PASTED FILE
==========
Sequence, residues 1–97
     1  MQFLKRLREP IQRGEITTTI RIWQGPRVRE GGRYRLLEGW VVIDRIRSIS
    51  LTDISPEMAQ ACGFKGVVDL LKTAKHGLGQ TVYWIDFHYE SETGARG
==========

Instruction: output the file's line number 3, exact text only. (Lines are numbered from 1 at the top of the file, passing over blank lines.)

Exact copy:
    51  LTDISPEMAQ ACGFKGVVDL LKTAKHGLGQ TVYWIDFHYE SETGARG